Yet, given the employment situation, many are trying to improve their education and their chances of being hired by a temporary return to lecture halls, which offers another paradoxical advantage: “While we are studying, the repayments are suspended,” explains Kevin Stump, age 23 and “leaden” with more than $13,000 (€9,800) of debt. “That’s why, when I realized that my first salary would never allow me to pay back my loan, I borrowed again to enroll part-time in a new program, while continuing to work.” His strategy now consists of getting his degree “as slowly as possible,” in the hope that the job market will improve and that his future qualifications, in public relations, will earn him a decent salary.

The federal government distributes money to families…

Why would it refuse? The money still flows freely. While household debt decreased on all other fronts, outstanding student debt increased by 4.6 percent in the third quarter of 2012 alone. And by 56 percent since 2007. Who are the generous lenders? In the leading capitalist country, the response could come as a surprise: The federal government, to the tune of 93 percent of the funding.

To overcome the impoverishment of families during the crisis and to ensure access to education to the largest possible population, the Obama administration has innovated by removing private intermediaries, who record loan requests, and has designated the Department of Education as the distributer of funds. Due to these relaxations, no guarantee is required as long as the total remains below the limit of $57,000 (€43,000). In addition, civil servants are compelled to offer the same loans to engineering students with guaranteed jobs as to art history students with less certain prospects. In the U.S. – a country long revered for its businesses' openness to hiring arts students in banks on simple faith in their intellectual abilities – a dose of realism is needed. Universities are now requested to inform prospective students frankly about the value of their diplomas on the labor market.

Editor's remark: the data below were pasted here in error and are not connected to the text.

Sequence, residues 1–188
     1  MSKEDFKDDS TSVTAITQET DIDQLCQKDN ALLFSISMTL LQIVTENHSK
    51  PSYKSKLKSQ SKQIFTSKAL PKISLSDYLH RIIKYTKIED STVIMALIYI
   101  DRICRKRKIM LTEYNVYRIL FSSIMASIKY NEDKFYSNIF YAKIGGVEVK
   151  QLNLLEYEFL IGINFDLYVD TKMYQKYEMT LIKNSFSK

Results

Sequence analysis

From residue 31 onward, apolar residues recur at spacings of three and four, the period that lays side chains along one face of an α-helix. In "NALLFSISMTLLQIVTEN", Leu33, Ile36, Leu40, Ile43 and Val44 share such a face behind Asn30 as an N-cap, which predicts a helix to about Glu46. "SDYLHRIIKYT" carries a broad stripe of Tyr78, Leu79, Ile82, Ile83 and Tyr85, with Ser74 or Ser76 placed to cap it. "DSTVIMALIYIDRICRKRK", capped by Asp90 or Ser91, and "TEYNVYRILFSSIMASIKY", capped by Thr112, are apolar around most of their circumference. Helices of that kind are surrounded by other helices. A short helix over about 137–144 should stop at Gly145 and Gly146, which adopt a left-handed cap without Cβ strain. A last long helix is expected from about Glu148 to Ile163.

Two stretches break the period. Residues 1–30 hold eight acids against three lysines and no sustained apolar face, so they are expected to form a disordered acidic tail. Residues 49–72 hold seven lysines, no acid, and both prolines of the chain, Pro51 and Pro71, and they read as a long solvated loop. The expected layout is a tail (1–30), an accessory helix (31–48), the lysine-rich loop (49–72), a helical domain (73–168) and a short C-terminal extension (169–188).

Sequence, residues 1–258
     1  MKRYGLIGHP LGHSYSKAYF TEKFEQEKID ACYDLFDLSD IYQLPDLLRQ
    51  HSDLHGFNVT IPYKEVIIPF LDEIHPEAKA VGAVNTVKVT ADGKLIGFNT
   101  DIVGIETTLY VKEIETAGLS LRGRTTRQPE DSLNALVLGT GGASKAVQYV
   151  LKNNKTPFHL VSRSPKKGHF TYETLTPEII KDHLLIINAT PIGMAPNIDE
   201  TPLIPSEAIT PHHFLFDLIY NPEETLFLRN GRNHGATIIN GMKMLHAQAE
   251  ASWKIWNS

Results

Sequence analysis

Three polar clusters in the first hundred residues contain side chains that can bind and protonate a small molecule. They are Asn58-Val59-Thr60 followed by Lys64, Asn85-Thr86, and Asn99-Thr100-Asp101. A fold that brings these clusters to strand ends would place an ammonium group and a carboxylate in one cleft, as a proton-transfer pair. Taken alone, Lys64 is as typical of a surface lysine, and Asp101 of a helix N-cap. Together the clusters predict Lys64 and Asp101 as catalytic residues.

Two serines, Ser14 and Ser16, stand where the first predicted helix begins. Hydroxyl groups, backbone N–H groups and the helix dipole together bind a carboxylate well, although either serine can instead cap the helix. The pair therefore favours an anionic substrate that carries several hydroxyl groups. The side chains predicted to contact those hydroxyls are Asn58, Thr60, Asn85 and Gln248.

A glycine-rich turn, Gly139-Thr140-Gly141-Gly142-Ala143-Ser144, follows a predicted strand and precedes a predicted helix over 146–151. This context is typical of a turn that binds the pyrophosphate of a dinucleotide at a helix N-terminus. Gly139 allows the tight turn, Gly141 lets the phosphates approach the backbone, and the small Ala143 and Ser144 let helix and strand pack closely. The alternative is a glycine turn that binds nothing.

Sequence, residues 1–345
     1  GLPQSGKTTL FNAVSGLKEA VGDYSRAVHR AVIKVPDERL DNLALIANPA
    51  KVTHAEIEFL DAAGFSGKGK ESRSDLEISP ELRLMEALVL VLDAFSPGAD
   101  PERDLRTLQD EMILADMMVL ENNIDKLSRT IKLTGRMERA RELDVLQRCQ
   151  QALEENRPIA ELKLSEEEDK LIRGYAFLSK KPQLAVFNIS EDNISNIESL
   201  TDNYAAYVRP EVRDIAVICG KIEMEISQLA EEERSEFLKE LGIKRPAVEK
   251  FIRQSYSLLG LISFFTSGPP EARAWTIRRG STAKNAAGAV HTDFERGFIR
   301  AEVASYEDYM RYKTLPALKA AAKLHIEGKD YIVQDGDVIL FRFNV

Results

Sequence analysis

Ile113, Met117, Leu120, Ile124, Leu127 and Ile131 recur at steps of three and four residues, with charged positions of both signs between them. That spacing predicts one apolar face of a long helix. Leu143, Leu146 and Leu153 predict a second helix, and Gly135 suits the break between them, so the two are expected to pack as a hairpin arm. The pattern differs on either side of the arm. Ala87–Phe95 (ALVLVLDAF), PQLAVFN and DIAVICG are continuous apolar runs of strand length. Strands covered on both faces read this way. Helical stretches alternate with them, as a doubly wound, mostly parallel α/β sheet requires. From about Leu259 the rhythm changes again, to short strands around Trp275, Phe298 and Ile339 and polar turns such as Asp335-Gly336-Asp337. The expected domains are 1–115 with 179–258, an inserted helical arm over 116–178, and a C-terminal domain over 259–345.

The universities also bear a core responsibility for the astounding costs of studies. At Harvard, Yale or Duke, the minimum bill exceeds $37,000 per year (about €28,000), not including housing or medical insurance. But these hyper-selective and highly regarded institutions, which give scholarships for students of modest backgrounds, do not constitute the heart of the problem. The bulk of fee increases come from state colleges, institutions which are meant to provide higher education to the offspring of the middle class. "From California to Kansas, the states in chronic budget crisis have disengaged from education, sometimes reducing subsidies by two-thirds,” says Rory O'Sullivan, one of the leaders of Young Invincibles, a lobby group of students and young workers. “As a result, the remaining share borne by the students is increasing. This is an enormous transfer of public domain to the private sector that the federal government is trying to change for the better.”*

Private universities at all levels do not profit from this. Thus 93 percent of students at Clark Atlanta, a university historically open to the black population of Georgia, pay for their studies. For these students, mostly from modest backgrounds, the loan amount averaged $47,000 (€35,400). Nearly double the national average. A risky gamble on the future.

*Editor’s note: These quotes, while accurately translated, could not be verified.